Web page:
How David Letterman inspired my teaching philosophy

David Letterman is a comic genius.  The ability to both innovate and survive for over thirty years is a testament to his ability.  I am too young to remember much from Dave’s time at NBC but watching him in the 90’s was a thing of beauty.  His nearly singular ability to be smart and stupid at the same time has always struck me.  I would say that we share the same sense of humor, but the reality is that Letterman shaped my sense of humor.  In recent years, I haven’t watched the Late Show as much as I did back in the day (thanks to the kids I can’t stay up that late).  With all of the celebration of Letterman in recent weeks, I’ve been reminded how much I loved watching him.  At the same time and with the benefit of hindsight, I now realize how David Letterman inspired my teaching philosophy.

Photo credit: CBS

Artistic Integrity

Some late night hosts (ahem, Jay Leno) go for the easy laugh.  There are certain kinds of jokes that you can reliably expect to get a laugh every time.

I respected Letterman because you always had the sense that if he didn’t find it funny then he wouldn’t tell the joke.  Plenty of times that meant the jokes weren’t funny to anyone but Dave.  Of course, watching Dave be amused is funny by itself.

One story I read about him recently described this as his artistic integrity.

It didn’t matter if you didn’t find Rupert Jee or throwing stuff off the roof funny (although I worry about you if you don’t).  If Letterman thought it was funny, it was going to be on the show.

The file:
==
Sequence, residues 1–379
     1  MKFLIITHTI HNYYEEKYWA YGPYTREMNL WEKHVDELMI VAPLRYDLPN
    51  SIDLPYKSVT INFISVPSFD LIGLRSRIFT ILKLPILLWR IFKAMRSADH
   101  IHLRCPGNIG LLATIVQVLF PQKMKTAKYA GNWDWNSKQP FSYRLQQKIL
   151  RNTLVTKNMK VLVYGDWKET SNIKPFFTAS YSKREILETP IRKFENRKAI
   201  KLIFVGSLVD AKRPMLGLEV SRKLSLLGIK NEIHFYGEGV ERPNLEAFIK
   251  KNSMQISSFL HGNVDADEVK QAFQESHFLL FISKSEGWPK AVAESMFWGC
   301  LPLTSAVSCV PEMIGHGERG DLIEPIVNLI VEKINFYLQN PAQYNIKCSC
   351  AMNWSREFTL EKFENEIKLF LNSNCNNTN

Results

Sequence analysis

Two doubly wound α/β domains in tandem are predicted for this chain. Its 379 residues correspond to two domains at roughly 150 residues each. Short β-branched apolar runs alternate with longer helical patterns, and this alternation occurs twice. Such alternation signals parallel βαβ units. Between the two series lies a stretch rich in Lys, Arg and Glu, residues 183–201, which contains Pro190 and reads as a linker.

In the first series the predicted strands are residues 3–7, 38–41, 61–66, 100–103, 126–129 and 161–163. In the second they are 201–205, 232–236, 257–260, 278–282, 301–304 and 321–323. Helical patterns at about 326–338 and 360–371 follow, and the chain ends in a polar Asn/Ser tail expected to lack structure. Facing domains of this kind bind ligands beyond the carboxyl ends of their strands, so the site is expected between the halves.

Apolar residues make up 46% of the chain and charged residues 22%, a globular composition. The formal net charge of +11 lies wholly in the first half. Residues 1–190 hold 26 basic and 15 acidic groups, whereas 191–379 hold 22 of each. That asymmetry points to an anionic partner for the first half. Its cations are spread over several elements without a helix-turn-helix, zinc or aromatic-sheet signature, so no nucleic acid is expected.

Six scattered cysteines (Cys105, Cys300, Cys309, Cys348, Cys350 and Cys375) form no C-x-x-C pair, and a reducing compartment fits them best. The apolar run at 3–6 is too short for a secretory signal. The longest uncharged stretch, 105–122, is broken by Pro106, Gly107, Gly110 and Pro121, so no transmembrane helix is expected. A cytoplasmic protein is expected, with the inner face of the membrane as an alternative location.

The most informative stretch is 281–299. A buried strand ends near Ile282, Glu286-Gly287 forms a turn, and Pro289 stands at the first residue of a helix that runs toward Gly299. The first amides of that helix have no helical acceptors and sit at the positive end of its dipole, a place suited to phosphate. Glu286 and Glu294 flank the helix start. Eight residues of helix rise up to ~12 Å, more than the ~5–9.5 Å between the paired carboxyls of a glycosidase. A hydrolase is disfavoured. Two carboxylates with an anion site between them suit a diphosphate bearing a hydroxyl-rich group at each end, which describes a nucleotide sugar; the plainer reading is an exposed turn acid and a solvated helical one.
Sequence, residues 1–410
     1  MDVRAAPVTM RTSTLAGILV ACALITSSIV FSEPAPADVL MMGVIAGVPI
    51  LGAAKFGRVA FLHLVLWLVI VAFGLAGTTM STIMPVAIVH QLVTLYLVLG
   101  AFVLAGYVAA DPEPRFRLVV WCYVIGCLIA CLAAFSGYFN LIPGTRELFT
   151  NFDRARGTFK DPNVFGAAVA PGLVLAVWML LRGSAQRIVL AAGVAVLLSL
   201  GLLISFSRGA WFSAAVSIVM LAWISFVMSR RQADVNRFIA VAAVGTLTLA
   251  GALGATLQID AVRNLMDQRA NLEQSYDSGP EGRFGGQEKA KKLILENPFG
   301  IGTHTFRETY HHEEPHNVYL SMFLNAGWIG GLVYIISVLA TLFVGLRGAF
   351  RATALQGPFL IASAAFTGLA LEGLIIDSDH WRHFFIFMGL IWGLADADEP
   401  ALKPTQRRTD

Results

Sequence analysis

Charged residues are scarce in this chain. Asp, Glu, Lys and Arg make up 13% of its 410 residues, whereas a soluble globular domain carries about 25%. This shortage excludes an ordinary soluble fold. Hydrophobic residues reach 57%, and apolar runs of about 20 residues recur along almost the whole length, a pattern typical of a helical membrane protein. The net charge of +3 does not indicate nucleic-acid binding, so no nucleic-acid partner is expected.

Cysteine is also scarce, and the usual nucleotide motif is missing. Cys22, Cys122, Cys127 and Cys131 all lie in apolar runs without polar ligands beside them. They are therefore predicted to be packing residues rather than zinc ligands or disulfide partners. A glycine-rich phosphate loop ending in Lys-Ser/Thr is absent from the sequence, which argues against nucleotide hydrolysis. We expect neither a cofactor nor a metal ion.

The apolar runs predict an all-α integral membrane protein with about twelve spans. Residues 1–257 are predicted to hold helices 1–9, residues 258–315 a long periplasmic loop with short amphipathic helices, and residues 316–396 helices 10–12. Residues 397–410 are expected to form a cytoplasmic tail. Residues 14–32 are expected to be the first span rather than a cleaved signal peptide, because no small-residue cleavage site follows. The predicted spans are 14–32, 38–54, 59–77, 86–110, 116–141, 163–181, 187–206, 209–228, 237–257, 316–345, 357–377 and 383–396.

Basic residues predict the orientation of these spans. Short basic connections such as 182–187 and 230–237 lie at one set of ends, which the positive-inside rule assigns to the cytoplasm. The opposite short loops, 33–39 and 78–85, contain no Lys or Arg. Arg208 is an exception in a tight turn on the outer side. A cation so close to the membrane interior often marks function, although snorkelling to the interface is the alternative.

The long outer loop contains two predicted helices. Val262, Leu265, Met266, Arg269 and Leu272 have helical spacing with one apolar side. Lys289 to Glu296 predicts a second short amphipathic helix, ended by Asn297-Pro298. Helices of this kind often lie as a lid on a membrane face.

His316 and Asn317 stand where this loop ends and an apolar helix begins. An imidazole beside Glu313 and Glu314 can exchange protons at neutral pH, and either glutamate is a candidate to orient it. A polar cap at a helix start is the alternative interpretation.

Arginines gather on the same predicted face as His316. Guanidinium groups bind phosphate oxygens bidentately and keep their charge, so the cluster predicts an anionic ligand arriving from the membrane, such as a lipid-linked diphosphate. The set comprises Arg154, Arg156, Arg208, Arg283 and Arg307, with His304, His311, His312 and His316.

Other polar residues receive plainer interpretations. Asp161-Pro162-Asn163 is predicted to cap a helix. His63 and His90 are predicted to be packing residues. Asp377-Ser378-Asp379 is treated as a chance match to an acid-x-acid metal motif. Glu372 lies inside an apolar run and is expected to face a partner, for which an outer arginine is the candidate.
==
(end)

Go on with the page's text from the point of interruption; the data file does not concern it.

I try to have the same sense of academic integrity.  I know what students need to know.  I have some specific ideas on how to get them to know it.  And we’re going to do it my way.

I once joked in class that my teaching philosophy was a one trick pony.  If you didn’t like group activities and discussion, you were likely going to be disappointed.  But I think, like Letterman, this is part of the schtick that works.

Smart and Silly

Perhaps my favorite aspect of David Letterman was his ability to be very smart and silly all at the same time.

I have tried to bring that into my classroom and it is at the core of many of my activities.

Over the years, I have done my fair share of smart and silly.  My hope is that it connects with students in memorable ways.

I’ve stood on chairs to make a point about the Yale faculty in the Yale Report.

I’ve brought academic regalia to class for students to try on for fun.

I’ve pretended we were going somewhere as a class only to just walk around the building to take a break from writing.

I’ve lied about starting a new degree program to get students to confront their own biases.

There has been a lot of silly things, but all is the service of smart learning.  I suspect that’s what students remember most when thinking back to my classes and I am quite pleased if that’s the case.

Embrace Sarcasm, Irony, and Being Yourself

I love how Dave could engage in casual mockery or playing the sardonic observer.

I often play these roles in class.

Sometimes they work great.  Sometimes they bomb.

But they are always me.

This may be the greatest essence of David Letterman.  He was himself.  Yes, that occasionally meant he was aloof or seemingly uninterested in his own show.  But he was himself.

I used to think about what persona I would play in the classroom.  I even tried on a few that didn’t work so well.

In the end, I decided to be myself which doesn’t seem like a choice, but it may be the hardest one of all.

Dave made that choice for 6,028 shows.

I hope I’m just as lucky… and good.

Really, really good.